10/22 receiver

Discussion in '.22 Rifle/Rimfire Discussion' started by ArrizX, Jan 9, 2013.

  1. ArrizX

    ArrizX New Member

    I have a build I need to finish. Its nothing special but its got an 18" fluted barrel with fiber optic sights on it and a hogue overmould rubberized stock. Just needs a plain oem receiver on it.

    I also have a 10/22 on a stockystocks thumbhole stock, and a 28" green mountain rifle barrel. It has an oem receiver on it. I want to swap this receiver onto the other unfinished build mentioned above and get something a little better aftermarket for it.

    The only problem is that to get an aftermarket receiver and trigger assembly ill be way more than just buying a 10/22 gun and stealing the receiver.

    So what If I were to buy a stripped receiver on gunbroker for like the 125 they run. Can I get all upgraded and internal parts to make it perform better? Is the after market receiver even worth the cost? What about all the extras? Should I just buy the gun and be done with it? But the problem is I dont want to spend 300 dollars just on a trigger set. These get so expensive so quick and I wont be competing with it. I would like a 200 yard .22 though. Kinda what I am going for out of this one. Not worried about going sub 1 moa because it is an auto loader...

    Sorry I dont know much about the aftermarket performance stuff on these guns!

    I guess if someone could just post up some links on where to buy some semi cheap performance stuff. Dont need the best by any means but better than oem I guess. After looking at receivers, trigger sets and internals ill be at 500-600 real easy. Is there a cheaper way to do this? Honestly for that I would just buy a new gun.
    Last edited: Jan 9, 2013
  2. John_Deer

    John_Deer New Member

    A 10/22 right out of the box with plain old CCI mini mags will shoot a half inch group at 50 yards on a calm day. How much improvement do you expect from all this work? A Volquartsen trigger upgrade will make the gun more consistent. A recoil buffer will help get off another shot a little faster.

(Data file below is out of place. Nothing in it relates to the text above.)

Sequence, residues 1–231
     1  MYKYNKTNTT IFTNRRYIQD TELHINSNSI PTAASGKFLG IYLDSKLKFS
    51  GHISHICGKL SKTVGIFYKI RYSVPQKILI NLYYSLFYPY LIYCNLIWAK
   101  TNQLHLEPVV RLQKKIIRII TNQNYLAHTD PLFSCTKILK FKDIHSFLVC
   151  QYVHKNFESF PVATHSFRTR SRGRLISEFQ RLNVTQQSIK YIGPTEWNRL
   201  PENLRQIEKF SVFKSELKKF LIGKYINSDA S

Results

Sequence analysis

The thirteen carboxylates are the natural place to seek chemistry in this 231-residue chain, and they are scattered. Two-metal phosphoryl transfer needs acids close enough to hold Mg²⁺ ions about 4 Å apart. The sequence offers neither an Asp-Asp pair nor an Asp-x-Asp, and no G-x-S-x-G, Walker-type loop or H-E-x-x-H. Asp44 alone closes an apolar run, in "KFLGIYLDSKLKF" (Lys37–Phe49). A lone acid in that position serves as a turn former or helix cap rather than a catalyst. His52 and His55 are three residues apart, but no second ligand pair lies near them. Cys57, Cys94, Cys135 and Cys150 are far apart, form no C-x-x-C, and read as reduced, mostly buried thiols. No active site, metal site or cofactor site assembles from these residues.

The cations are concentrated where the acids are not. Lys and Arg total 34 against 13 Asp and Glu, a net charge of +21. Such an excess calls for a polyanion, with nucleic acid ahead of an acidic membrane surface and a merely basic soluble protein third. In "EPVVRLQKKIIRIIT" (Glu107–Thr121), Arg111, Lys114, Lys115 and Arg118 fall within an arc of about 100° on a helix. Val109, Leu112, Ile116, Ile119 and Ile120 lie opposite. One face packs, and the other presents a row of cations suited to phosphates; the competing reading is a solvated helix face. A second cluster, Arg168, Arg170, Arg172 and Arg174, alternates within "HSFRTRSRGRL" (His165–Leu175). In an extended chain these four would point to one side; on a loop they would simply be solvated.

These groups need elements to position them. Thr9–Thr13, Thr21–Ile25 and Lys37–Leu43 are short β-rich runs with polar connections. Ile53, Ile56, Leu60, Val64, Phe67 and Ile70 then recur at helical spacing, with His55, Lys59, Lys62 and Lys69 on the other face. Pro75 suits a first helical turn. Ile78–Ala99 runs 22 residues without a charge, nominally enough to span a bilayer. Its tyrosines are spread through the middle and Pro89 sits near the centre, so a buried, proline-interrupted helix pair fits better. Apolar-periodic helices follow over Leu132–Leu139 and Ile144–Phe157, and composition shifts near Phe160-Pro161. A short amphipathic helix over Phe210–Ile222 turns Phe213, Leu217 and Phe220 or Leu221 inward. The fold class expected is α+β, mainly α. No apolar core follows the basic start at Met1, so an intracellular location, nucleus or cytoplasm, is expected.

Maybe you should save your money for a target rifle. Semi auto rifles are very accurate but no matter how much money you throw at a semi auto it will never be as accurate as a well made bolt action right out of the box. The difference is only going to be a quarter inch.

  3. Curlyjoe_99

    Curlyjoe_99 New Member

    and I'll add that the majority of those $125 receivers are 80% builds. which means that you need a drill press, the right size bits and maybe even a jig to complete the drilling. If you do find a non-oem spec receiver ready to go for $125 let us all know. :) I can't even find a new or decent used 10/22 on a shelf right now (in Texas) that is less than $300.

    BTW.. these completed receivers do require an FFL transfer
  4. Clem

    Clem Member

    When I got my 10/22, it was with the intention to totally rebuild it. I used the factory receiver and put in a GM barrel, Kidd trigger, CDC bolt all in a Hogue stock. I had enough parts left over to build a new gun, except for the receiver. I found a place that had what they claimed were Ruger factory receivers. I got one and built up another gun. I haven’t even gotten around to firing the new one yet. The rebuilt one works great. The only thing I had to do to either receiver was drill a hole for a cleaning rod. I like to use a plastic coated Parker Hale cleaning rod from the breach.

    The 10/22 is different from many rifles. With the addition of a heavy barrel, you really can’t cantilever it off the light aluminum receiver, but instead bed the barrel and float the receiver. When doing that, the structural integrity of the receiver is much less important than it would be otherwise. So the bottom line is, you may do just fine with a factory or factory type receiver. Even with that, I would still like to try making one with a stiff, preferably steel, receiver and see how well it works.